A vast majority (i.e. 92%) of global illicit opium production occurs in Afghanistan -- an approximate 800 tons of heroin, nearly two times the reported world-wide demand. Much of opium farming is seen to be concentrated in Helmand and six other Southwest provinces. Helmand alone produces half the nation's overall opium yield (Felbab-Brown, 2009). Its export value is half the country's Gross Domestic Product (GDP), i.e., roughly 3 billion U.S. dollars. To form a comparison, Colombian cocaine's export value is not even 1% of its GDP, and is still a serious economic and security challenge to Latin American stability. This comparison will help one in understanding the actual scale of Afghanistan's illicit drugs issue. Opium is an immense illicit economy, which sustains the legal ones, by driving a growing building sector as well as generating capital for Afghanistan's rural, informal credit system. In spite of earning a comparatively larger amount than with lawful, acceptable crops, the three million rural poppy cultivators in the country are suffering in dire circumstances of poverty, shackled to the traditional opium credit system. It must be borne in mind that Afghanistan is one among the poorest nations in the world. Citizens' poppy dependency is so great that, in the view of experts from the World Bank, an abrupt decline in poppy economy will lead to economic destruction all over Afghanistan. Beyond this directly-impacted group, which constitutes 15% of the overall population, about the same amount of people are indirectly benefited by opium-related activities and cash (Felbab-Brown, 2009).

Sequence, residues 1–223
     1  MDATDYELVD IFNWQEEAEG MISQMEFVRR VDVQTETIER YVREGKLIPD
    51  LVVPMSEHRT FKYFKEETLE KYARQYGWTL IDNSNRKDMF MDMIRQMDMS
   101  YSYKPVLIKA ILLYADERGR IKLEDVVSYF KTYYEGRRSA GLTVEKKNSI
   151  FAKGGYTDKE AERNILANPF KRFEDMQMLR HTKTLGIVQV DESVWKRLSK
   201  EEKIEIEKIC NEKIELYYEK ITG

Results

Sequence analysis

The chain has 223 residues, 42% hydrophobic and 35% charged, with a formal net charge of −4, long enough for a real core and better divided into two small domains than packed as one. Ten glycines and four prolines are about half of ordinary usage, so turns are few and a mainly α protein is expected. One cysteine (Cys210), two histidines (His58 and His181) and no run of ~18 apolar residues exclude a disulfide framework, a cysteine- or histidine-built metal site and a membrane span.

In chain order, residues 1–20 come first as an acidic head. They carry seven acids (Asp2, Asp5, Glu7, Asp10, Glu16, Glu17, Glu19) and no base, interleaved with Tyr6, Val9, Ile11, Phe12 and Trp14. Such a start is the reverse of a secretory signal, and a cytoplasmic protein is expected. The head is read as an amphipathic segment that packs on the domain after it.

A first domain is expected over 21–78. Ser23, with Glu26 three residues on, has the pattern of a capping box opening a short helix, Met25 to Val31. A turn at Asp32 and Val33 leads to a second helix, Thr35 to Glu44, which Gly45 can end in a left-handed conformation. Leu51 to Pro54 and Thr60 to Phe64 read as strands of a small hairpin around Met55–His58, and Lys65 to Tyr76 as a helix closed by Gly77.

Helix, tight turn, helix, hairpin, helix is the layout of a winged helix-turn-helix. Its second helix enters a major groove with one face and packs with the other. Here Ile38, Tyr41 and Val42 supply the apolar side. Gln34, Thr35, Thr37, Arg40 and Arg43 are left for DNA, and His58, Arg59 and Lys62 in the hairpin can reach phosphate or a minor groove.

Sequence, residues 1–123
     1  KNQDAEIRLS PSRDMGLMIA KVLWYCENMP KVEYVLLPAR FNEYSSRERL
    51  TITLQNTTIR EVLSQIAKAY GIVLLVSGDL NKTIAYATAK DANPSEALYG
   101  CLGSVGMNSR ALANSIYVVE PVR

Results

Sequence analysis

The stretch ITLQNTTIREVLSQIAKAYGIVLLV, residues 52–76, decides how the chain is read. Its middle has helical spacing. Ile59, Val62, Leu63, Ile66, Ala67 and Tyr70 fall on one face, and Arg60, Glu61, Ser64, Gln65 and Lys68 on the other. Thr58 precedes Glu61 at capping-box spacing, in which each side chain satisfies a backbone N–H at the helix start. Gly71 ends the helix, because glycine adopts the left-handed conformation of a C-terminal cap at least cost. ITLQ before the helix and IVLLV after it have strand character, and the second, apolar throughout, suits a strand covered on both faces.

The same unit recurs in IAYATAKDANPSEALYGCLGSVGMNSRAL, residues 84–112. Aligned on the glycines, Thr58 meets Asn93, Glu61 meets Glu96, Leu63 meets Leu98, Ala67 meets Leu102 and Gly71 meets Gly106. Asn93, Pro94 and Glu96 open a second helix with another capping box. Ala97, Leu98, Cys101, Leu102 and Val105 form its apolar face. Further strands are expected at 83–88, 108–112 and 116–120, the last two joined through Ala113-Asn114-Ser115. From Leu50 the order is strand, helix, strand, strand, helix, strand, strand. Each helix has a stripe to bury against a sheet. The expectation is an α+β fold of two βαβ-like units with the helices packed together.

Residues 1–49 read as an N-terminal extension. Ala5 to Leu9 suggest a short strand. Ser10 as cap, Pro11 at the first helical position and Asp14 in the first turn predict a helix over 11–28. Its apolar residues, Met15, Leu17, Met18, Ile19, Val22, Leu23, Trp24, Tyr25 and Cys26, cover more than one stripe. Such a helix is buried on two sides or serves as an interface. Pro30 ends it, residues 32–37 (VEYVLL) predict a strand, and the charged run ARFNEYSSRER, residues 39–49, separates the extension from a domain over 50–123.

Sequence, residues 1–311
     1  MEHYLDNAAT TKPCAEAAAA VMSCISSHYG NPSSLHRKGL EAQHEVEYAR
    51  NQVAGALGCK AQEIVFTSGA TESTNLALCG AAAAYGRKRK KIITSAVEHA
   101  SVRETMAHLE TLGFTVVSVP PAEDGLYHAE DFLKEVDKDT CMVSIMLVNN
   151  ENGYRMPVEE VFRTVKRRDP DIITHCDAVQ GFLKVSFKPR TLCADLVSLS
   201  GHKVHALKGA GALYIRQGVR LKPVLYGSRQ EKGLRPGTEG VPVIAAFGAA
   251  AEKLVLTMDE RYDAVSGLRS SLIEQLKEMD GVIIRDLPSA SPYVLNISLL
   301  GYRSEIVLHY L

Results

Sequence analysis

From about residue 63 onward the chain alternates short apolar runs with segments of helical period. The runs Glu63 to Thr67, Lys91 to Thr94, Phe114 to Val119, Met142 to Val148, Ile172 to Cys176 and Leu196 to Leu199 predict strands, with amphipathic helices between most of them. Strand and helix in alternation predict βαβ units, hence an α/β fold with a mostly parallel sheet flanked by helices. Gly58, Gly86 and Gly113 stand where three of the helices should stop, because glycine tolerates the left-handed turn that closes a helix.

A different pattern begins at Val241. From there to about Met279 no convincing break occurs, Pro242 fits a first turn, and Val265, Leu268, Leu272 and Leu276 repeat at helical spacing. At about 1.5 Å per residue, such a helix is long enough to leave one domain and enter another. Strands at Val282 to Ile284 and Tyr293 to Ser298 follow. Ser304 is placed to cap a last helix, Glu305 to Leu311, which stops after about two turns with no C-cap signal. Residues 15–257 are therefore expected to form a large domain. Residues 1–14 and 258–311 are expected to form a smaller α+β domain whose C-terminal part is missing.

Moreover, opium influences the nation's institutions of alternate livelihoods. Right from district to provincial to national organizations, opium-related corruption is omnipresent in Afghanistan, posing a very genuine threat to the creation of fair and functional institutions aimed at serving the common people of Afghanistan, and not just the powerful, greedy players. Press reports state that the country's governmental involvement in opium trafficking is a shocking 70%, with about 25% of its 249-strong Parliament involved directly or indirectly in this illicit trade. Police officers are also apparently a part of this trade, and play the roles of facilitator, consumer, and protector. A British report claims that nearly 60% of Helmand's police force relies on heroin or opium or both (Mansfield, 2008; Azami, 2013). Another factor to consider in this regard is poppy politics -- intense competition exists between local parties for opium industry share. Different areas' power-holders, which include members of local police forces and governmental institutions, manipulate opium eradication operations to serve their personal motives, including securing international funds and forcing bribes from the area's farmers. Lastly, opium generates fresh funds for South Afghanistan's Taliban insurgency; it is reported that 10% usher or tax is levied on smuggling and cultivation of opium. Perhaps more notably, by extending protection to facilitators and opium farmers, substantial political leverage has been achieved, by the Taliban, with local people against international and national governments. But if this relationship of the terror outfit with opium trading is opportunistic, scant evidence exists to indicate that restricting drug flow will have any significant effect in weakening the Taliban insurgency, which is guided by political aims and has multiple revenue sources (Felbab-Brown, 2009; Mansfield, 2008).